|By Marten Terpstra||
|June 26, 2014 09:00 AM EDT||
Some people believe good or bad things always happen in threes. I believe you will always be able to find three (and probably more) things that are good or bad and somewhat related, but sometimes I get surprised by the apparent coincidental appearance of several closely related “things”. Last week the folks at networkheresy.com posted a second installment of their “policy in the datacenter” discussion, Cisco announced the acquisition of tail-f and internal to Plexxi we had several intense architectural discussions around Configuration, Provisioning and Policy management. Maybe we can declare June CP&P month for networking.
It is mostly accepted that configuration deals with the deployment of devices and applications within an infrastructure. For network devices, it covers the portions of creating a fabric, protocols to maintain this fabric, access and control to the device itself, management connectivity etc. Once a network device is configured, it is a functioning element in a network.
Provisioning is more a telco term, focused on creating the customer facing end of a device of applications. For network devices, this would cover ports that are facing customer or end devices, the edge protocols required, VLANs, IP subnets, etc.
Lastly, policy defines a level of communication service that is created across the configured infrastructure through the attached provisioned interfaces. It defines what communication is allowed and not allowed and with what specific service and service levels.
In enterprises we have never really made a big distinction between configuration and provisioning. But with the evolution to a virtualized infrastructure and more rapid client facing changes as a result of VM creation and movement, I believe the two have enough differences that it makes sense to adopt this separation more broadly.
I catch myself using them interchangeably at times, but there are very distinct differences between them, even if all of them end up as a set of instructions to a switch or set of switches, physical or virtual. The types of instructions are different for each type, the folks responsible for their functionality are different, and the rate of change is different.
More importantly though, the mechanism by which we instruct our network components is rapidly changing. The complexity of the configuration and policy components and the sheer volume and rate of change of the provisioning component is driving more automated methods of instructing our network elements what to do. We have long ago adopted centralized database driven CP&P systems in most our world.
Except for networking. A very large majority of instructions for network devices is still hand crafted, or script-assisted hand crafted. And the entirety of the instruction set for these devices lives on the switches itself. For which we have then created systems that capture and archive them for backup purposes and forensics. When something goes wrong with the device, we go find the latest backup we have and attempt to restore the service.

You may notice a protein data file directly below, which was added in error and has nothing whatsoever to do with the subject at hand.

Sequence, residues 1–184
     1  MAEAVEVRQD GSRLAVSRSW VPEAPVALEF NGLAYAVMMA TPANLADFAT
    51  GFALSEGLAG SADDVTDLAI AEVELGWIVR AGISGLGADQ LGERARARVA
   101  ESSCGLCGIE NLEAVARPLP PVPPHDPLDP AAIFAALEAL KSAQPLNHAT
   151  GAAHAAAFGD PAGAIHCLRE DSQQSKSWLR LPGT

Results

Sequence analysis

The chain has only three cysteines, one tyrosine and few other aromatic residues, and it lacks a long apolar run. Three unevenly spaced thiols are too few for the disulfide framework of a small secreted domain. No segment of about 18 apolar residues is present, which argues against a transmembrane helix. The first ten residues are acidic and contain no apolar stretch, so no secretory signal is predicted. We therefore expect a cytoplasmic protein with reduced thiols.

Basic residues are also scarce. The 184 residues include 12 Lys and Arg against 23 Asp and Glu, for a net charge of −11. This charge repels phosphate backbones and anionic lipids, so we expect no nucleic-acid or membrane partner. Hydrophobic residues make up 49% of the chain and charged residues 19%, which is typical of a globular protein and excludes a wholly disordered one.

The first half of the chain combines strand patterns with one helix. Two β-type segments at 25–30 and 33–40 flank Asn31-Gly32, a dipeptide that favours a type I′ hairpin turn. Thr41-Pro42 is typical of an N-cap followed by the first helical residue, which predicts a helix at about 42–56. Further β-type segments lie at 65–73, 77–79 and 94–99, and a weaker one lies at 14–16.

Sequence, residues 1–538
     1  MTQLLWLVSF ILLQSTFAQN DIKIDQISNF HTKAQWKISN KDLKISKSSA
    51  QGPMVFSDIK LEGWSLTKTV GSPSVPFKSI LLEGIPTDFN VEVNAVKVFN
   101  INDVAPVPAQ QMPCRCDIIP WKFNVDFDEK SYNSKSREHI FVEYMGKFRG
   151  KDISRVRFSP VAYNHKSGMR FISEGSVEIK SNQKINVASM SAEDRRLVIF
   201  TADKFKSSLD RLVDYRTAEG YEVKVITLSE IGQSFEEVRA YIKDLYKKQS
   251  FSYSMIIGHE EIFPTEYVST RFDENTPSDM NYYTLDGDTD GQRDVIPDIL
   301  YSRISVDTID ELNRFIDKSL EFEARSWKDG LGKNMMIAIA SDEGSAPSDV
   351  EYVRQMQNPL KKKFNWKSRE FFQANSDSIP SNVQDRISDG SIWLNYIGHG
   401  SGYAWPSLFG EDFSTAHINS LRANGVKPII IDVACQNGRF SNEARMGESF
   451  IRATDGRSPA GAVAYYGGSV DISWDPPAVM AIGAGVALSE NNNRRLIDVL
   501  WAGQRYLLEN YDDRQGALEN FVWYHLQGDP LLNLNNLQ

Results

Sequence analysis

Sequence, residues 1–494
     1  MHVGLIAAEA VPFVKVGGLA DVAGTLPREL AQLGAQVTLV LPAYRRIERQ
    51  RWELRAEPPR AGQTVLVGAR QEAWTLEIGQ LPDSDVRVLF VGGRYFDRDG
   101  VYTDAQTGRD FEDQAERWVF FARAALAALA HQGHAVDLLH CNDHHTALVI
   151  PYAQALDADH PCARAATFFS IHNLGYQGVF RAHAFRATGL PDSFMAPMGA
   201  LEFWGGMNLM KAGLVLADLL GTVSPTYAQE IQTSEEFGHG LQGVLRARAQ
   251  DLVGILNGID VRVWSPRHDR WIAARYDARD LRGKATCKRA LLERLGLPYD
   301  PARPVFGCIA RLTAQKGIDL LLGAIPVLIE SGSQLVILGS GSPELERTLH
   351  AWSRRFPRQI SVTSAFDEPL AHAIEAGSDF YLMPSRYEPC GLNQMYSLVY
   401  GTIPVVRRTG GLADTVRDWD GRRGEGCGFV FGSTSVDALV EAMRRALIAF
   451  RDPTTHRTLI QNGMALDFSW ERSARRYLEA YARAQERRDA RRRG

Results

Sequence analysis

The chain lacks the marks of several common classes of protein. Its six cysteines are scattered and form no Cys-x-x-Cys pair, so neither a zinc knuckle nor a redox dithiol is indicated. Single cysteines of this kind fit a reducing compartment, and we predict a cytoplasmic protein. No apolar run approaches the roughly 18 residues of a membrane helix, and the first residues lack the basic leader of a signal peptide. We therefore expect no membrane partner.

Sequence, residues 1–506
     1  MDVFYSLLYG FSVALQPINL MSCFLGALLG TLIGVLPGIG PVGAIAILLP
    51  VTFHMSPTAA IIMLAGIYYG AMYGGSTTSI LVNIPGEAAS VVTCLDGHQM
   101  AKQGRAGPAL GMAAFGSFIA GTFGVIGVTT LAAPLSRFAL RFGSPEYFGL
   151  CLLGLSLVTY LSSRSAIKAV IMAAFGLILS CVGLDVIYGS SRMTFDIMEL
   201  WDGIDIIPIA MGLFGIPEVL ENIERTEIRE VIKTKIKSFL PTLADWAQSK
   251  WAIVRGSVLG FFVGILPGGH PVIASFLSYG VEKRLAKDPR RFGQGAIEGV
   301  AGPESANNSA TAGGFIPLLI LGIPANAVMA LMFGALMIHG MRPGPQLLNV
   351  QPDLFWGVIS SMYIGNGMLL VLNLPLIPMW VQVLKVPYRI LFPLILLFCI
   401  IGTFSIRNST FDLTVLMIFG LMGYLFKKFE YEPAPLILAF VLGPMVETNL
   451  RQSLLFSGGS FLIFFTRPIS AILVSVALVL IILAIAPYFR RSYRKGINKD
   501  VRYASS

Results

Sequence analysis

But this is all changing. Finally. Newer network solutions use centralized systems that have real databases behind them to power the information that needs to be stored, shared, backed up, check pointed, logged, replicated and all the other good stuff real databases have solved for many years.
The biggest hump we need to get past is one of control. Regardless of where or how CP&P data is stored, the more important question is who controls the data. Even if this data is stored on a v- or pSwitch, that same switch should not be the master of that information any longer. There are portions of CP&P information that have network wide meaning and should be specified in a network wide manner. Today we manually construct network wide provisioning or policy semantics. We have to get to a point where we define these in network wide terms and let our tools worry about what that means for the individual network elements that create the service.
We started this a few years ago with abstracted policies we call Affinities. Policies that are defined network wide, without any specificity to location or what elements to apply the policy to. In Plexxi Control, similar concepts exist for some of the provisioning: certain types of data we consider global, they are used and applied network wide without you worrying what elements it applies to.
Centralized or federated CP&P provides huge benefits and potential. All the backend tools exist to make this safe, replicated, audited and logged, better so than any legacy network system. If only we can get our minds past the change in control and not expect the element to be the master source of its data. It is one of the many things we need to accept to allow the network to change.
The post Changing the way we configure and provision our networks appeared first on Plexxi.
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